Relict Eastern White Pine (Pinus strobus L.) Stands in Southwestern Wisconsin

Journal Title/Source

American Midland Naturalist

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Journal Article


Earth, Environmental and Geographical Sciences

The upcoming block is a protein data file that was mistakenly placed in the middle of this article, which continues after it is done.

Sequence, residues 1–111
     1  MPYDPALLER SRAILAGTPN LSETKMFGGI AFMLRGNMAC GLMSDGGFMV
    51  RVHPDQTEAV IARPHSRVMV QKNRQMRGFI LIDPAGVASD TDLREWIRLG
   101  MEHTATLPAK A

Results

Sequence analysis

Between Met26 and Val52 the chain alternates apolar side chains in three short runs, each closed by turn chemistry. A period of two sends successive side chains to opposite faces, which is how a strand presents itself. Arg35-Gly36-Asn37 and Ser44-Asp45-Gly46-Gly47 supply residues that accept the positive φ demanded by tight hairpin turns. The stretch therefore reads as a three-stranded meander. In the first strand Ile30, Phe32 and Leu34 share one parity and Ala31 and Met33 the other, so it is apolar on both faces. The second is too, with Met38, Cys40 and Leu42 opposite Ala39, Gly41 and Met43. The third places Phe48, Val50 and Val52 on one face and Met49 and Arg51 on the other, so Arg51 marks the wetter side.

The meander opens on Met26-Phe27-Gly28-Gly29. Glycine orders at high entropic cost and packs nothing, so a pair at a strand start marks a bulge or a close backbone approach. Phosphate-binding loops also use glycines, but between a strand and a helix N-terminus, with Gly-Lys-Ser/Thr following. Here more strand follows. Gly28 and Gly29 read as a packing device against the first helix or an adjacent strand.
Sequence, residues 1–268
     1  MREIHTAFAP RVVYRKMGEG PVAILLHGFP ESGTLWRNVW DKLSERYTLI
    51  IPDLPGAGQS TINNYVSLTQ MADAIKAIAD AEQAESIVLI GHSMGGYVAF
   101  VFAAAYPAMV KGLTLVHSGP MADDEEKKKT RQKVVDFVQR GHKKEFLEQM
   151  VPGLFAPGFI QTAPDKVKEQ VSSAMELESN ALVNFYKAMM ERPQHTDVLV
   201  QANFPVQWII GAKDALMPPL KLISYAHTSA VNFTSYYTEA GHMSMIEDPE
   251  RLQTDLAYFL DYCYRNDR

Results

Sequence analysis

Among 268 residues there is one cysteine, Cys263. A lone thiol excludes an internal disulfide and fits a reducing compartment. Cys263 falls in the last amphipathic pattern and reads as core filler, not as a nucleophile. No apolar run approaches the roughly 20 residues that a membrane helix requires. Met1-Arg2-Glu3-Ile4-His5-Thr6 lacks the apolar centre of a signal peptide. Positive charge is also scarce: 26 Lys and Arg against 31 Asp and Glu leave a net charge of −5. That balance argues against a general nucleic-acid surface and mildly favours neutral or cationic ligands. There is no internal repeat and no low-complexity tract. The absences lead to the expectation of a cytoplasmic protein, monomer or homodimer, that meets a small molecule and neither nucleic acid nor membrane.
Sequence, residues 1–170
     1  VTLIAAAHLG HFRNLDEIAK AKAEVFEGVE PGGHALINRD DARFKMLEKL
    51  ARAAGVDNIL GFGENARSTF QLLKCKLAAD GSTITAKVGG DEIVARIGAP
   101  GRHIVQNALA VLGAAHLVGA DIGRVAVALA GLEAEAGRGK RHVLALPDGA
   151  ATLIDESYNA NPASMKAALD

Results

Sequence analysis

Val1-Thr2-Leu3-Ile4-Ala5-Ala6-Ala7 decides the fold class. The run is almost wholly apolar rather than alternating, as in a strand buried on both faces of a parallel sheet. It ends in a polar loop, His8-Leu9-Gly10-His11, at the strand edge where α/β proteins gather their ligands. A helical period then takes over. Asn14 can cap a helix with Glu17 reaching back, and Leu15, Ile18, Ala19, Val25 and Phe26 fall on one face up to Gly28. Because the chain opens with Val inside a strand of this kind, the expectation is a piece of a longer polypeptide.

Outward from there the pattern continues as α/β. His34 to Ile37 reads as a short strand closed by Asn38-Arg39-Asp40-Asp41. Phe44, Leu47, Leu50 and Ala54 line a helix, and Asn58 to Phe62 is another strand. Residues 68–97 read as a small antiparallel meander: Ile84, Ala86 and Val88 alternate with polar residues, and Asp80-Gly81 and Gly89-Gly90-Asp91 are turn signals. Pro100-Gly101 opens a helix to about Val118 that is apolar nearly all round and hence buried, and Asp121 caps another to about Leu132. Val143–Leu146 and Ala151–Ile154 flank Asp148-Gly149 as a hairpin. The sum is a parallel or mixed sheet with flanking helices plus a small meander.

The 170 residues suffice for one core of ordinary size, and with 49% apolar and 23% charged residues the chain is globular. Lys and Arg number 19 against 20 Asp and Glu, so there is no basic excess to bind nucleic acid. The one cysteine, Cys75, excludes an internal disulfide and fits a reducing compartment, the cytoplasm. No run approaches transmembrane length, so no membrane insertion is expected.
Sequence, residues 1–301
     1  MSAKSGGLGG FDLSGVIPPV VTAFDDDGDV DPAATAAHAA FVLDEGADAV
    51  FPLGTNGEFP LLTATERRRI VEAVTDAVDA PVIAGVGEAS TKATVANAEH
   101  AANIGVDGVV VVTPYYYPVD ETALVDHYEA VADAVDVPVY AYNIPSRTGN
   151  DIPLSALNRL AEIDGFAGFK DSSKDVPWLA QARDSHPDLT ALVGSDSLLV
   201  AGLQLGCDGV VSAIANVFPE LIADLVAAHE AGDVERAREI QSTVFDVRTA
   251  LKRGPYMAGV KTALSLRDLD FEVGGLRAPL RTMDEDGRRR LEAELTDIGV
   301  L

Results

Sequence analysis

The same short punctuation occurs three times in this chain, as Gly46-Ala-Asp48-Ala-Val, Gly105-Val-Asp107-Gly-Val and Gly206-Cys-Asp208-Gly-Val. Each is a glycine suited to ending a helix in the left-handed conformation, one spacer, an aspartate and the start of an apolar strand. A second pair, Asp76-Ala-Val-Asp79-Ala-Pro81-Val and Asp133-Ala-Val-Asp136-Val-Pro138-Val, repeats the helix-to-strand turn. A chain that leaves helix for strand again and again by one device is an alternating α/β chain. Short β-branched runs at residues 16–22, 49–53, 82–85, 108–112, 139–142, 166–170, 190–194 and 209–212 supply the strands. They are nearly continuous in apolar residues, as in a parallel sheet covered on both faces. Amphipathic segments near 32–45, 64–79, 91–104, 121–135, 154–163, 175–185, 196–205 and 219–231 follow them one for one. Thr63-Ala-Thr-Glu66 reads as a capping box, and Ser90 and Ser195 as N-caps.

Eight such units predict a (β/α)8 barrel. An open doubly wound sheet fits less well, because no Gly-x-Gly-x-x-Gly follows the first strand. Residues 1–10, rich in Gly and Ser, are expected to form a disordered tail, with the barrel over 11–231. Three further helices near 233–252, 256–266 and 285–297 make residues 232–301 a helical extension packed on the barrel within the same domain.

In southwestern Wisconsin, close to the southern limit of its range, eastern white pine (Pinus strobus L.) grows in isolated 0.25-2 ha stands on steep outcrops of sandstone of the St. Peter formation and Tunnel City group. Palynological evidence shows that white pine has been regionally abundant since at least about 10,480 years ago. Results from this study indicate that white pine continues to be self-replacing in spite of competition by hardwood species that dominate on the better-developed soils. In six of eight stands, white pine regeneration in 1992 appears to be at least as successful as in 1947 when McIntosh surveyed the sites. Size structure analysis suggests differing degrees of reproductive success of white pine among stands. Site characteristics such as topographic setting, slope steepness, slope aspect and relative stand size are not the only factors influencing success of white pine regeneration; logging, grazing and browsing alter conditions at individual sites. These disturbance agents have replaced fire, which was the major form of disturbance before European settlement. Under contemporary environmental conditions and land use, white pine will probably continue to persist at the southern limit of its range in southwestern Wisconsin, although some individual stands currently show a decline in reproductive vigor.